I have been lurking here for a while and have adopted the BBB method and it has worked quite well, and saved me a ton of money and headaches. I even turned my dad on to it. So, since you have all saved me a lot of money, I figured I'd return the favor.
I was re-plumbing my filter the other day (it was sitting at a 15 deg angle from the previous owner) and after hooking things up, I was getting a "no flow" indicator on the control panel. I thought "hmm, this little switch can't cost too much to replace." Much to my surprise, this little piece cost upwards of $100! D*mn if I'm going to pay that much. Here's my "fix":
What you need - A magnetic reed switch like this one http://farm4.staticflickr.com/3500/3...5d1131dcb2.jpg (I got mine for $4.80 at a local electronics supply store. Don't bother with RadioShack, they don't carry them) a soldering iron, silicone caulk, and about 30 minutes
1 - Remove the switch and plug the hole.
2 - Take the wires and cut them. Strip them to expose the ends.
3 - Drill out the epoxy on the top side of the switch where the wires enter so it looks something like this.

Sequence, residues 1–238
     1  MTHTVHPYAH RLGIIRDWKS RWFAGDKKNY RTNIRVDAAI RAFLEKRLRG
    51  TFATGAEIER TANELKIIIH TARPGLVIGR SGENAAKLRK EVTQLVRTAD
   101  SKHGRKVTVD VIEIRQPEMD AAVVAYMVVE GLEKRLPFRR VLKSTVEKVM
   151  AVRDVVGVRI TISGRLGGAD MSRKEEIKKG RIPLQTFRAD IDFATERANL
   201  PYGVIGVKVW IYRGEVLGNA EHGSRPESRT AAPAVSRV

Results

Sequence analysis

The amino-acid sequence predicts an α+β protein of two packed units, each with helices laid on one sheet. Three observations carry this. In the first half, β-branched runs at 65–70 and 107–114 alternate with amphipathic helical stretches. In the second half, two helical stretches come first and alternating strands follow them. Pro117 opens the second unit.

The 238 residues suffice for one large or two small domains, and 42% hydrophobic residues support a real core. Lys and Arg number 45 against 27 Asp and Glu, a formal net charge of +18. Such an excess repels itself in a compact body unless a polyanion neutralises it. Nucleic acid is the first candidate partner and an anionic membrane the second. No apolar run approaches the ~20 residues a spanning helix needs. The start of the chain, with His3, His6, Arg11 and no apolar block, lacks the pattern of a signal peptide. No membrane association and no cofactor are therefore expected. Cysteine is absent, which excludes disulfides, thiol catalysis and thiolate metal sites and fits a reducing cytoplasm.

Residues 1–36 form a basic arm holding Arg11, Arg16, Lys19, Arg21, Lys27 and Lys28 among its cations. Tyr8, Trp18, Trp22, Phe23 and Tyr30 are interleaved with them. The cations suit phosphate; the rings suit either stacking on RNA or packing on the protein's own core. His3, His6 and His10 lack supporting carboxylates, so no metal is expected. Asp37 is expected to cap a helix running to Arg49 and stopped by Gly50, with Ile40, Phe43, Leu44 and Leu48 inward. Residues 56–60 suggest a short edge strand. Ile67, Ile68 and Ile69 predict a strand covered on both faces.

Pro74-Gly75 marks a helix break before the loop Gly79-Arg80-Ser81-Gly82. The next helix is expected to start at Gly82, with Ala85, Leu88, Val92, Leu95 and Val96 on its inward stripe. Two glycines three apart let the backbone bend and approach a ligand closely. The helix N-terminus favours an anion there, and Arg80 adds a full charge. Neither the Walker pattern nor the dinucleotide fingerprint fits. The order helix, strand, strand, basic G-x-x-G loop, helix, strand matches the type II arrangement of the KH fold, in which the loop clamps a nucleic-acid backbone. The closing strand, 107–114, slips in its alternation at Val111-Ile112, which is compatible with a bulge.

(I drilled the bottom out too..but looking back, I would have been better off only drilling from the top. If you leave the bottom intact, there is less of a chance of water getting to the wires. Oh well, live and learn.)
4 - Solder the wires to either end of the reed switch so the wires are going one direction
5 - Wrap and heat shrink the wires (I guess this is optional, but I'd recommend it)
6 - Insert the wires into the drilled out switch assembly.
7 - Take it to the control panel, plug the jack in and hold the switch closed and verify that its making a connection (the no flow indicator should start blinking)
8 - If everything looks good, put some silicone into the openings you drilled out and insert the wires back into the assembly.
9 - Repeat step 7 before the silicone starts to set so you can move the wires in or out if needed. The switch needs to be even with the magnet on the flapper in order for the switch to activate.
10 - Let it set overnight.
I did this today, and everything is looking awesome! I took the opportunity to switch the wires to an old phone wire I had sitting around as my original wire was cracking and crumbly. Who knows how long this fix will last, but the price of the reed switch ($5) is well worth the experiment in my mind. And don't worry, the control panel is powered by the pump timer, so it only has power when the pump is running. So If something shorts creating a closed circuit, the SWG will only be on when water is moving anyway.
Don't be afraid to try this! you really have nothing to lose (well, maybe $5). Soldering is the hardest part. I'm not the most experienced, and my solders are crappy, as you can see, and they still work..
Thanks again for all the help and info guys! I hope this helps some people. If anyone has any questions, just ask!